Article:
Friday 6 July 2018

50 Rainless Days

Met √Čireann got bored with publishing pictures of the cloudless
island and started commenting on how not-green the latest pic
was compared to previous pics.
By my reckoning, we have just racked up 50 days without rain and, without a wet one between our two batches of sheep shearing (21st May), this figure would be 61 days. Driest blah blah for 42 years. The poor farmers are really starting to struggle now coming out of a long, cold wet winter which used up all the silage and hay reserves. They lept on the chance to cut early silage when this hot spell started if they had any growth, and then enjoyed a bit of unprecedented hay making but are now looking at all this close-shaved aftermath and wondering will they have to start feeding 2018 silage already, still warm off the baler! Who'd be a farmer.

For most of them, the only hay making gear they have is kit bought 40 years ago to go with what are now lovely vintage Massey tractors. It is the same kind of equipment I would have used in my student days baling and hauling small "bricks" of hay. It is lovely to see trundling round slowly clearing fields at way below 2018 rates.

The 4 new goslings in their paint roller-tray
At risk of harping on some more (woe is me) about my own health, I will just give you an update for the record. I am still knocked sideways by this breathlessness and getting poked and prodded by the local Medical Fraternity. Top culprit seems to be some kind of chest infection associated with a 'hard' kind of phlegm which might need steroids to give the lung tissue back its flexibility.

4 baby turkeys being shepherded around by their 'Mum'
From MY point of view the main thing I notice is the lack of lung volume. We 'Care' blokes are known for giving a good trumpet when want to blow our nose - fill your lungs and let her rip. The ceiling lifts an inch or two and everybody in the building knows you have blown your nose. PARP! Best I can do at present is a little quarter-full in-breath and a delicate ladylike 'perp'. It is 3 weeks now and I just want a good lung full of air deep down to my diaphragm. Unfortunately on one of the work ups the doc found a possible heart murmur, so now I need to go for some 'echo' tests on that before they dare give me anything like steroids for the "asthma". I am currently using (to brilliant effect and relief), a 'Ventolin' inhaler which is a new one on me. More on all this when it pans out.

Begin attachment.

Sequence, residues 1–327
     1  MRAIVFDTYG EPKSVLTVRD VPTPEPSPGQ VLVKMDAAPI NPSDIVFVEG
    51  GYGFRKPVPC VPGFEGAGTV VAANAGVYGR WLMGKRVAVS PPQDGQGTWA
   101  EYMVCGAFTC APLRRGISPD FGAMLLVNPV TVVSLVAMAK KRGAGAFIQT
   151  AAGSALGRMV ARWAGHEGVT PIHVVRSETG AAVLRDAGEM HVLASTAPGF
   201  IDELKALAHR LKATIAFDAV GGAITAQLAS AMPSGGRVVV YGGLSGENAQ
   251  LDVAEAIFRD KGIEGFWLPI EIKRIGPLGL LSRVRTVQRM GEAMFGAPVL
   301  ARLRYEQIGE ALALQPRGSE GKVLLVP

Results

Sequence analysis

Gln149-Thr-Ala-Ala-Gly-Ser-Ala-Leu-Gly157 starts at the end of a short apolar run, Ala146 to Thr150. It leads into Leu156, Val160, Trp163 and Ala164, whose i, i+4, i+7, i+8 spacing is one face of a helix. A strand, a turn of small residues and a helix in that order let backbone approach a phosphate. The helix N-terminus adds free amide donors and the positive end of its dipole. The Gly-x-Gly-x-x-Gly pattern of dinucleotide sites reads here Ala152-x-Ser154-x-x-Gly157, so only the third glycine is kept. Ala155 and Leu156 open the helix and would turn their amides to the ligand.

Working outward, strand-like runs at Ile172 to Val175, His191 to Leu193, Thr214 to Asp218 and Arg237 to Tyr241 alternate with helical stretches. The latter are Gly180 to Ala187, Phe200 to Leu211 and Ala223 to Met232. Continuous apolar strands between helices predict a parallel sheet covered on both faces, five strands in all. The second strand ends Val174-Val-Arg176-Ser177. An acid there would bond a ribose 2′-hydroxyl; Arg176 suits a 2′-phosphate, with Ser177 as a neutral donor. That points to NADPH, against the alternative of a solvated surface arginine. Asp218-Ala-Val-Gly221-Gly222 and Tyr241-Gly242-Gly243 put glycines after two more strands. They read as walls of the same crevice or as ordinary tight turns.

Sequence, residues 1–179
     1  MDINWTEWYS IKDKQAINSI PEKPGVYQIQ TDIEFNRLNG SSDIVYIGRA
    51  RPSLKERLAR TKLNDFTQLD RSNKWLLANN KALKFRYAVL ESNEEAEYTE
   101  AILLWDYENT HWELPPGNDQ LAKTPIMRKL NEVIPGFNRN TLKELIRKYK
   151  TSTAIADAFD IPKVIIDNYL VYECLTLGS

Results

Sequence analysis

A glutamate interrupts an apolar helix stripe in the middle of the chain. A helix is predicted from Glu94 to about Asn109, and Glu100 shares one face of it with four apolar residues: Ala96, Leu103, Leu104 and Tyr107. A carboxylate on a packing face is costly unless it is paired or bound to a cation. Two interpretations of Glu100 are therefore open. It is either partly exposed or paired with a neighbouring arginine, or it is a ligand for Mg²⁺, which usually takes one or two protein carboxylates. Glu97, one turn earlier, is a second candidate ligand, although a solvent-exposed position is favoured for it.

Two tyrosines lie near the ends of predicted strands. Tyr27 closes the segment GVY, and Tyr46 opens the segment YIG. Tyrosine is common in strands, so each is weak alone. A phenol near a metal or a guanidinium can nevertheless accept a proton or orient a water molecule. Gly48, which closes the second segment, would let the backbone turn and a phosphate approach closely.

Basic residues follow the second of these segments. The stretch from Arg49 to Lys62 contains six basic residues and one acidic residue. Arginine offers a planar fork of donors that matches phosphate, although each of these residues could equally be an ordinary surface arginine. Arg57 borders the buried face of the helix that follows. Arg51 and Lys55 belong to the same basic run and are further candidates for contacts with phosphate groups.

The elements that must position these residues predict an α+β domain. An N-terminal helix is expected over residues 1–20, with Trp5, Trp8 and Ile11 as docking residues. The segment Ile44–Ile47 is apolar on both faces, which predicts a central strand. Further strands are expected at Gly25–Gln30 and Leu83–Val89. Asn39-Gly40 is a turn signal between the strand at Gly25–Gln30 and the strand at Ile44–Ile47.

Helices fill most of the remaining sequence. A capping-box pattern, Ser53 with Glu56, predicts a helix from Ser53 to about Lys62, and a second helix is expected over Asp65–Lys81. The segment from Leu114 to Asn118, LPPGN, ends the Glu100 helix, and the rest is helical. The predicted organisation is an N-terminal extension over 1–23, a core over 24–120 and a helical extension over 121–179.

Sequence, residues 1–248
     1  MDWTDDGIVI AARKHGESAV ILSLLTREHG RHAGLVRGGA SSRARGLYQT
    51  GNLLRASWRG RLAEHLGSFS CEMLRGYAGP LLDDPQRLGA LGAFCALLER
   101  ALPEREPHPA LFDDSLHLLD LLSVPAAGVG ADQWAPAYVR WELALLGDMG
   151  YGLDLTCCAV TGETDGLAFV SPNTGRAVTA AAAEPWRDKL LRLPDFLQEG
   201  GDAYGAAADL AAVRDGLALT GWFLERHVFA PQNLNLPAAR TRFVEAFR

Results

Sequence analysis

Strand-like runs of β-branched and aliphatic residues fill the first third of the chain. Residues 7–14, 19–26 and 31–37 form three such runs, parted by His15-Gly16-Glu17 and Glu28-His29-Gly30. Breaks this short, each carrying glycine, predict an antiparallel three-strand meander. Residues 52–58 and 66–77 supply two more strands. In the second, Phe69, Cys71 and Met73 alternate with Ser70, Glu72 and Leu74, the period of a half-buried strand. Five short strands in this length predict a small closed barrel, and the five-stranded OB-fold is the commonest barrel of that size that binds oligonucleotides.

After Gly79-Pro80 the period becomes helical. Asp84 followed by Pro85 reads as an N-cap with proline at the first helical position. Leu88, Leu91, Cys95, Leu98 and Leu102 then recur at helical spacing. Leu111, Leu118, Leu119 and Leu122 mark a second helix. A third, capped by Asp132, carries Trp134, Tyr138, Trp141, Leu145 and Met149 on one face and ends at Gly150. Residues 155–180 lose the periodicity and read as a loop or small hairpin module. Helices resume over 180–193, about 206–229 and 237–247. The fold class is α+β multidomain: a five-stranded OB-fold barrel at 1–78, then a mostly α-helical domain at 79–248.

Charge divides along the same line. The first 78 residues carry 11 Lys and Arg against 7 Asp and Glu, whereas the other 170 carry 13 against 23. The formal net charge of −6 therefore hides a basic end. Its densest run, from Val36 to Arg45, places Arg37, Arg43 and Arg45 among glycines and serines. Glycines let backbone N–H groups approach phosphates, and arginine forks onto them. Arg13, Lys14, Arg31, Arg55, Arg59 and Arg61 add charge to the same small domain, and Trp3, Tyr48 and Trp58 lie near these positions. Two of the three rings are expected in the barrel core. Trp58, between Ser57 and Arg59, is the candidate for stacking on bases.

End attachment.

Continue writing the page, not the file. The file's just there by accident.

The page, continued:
Bit easier to see the babies here.
2 good things have saved me from despair. One, already mentioned is the superb timing. If you are going get kicked out of your normal work ethic by such a disease, then it is good to do it just after your recent Help-X volunteer has made the place as neat as a new pin. The grass is mowed (and the lack of rain means it is not growing back), the sheep sheared, the dogs clipped, gutters cleared. There are no heavy livestock jobs imminent and it is so hot that no-one wants to work, so you don't feel THAT left out. Also (Sorry Sue), my good friend Sue came out in sympathy with a similar set of crusty chest problems and breathlessness. Can't bend down to lift a tin of dog food? No! Me neither! Meanwhile, a HUGE 'nother Thanks to Elizabeth who is still hanging in there picking up all the livestock rounds, car jobs and shopping etc. Better news soon, I hope.

Home made chocs from Sue
Oh, and Sue also turned up with a box of homemade chocs, coffee truffly ones and ones filled with fruit 'cheese'.

Finally, in the livestock Dept, just some newer, better pics of the clutches of which you have heard already - the geese came off the nest(s) yesterday with 4 goslings and Elizabeth put a paint-roller tray of water down for them. The new turks were brought off by both the 'Mums' and we have another "2 Mums, one chick" group too. Donaldina managed to nearly lose one 3-week old chick into a full size bucket yesterday but I rescued it, dried it and then warmed it down my 'cleavage' for an hour or so while it recovered. That is now back with 'Don'.

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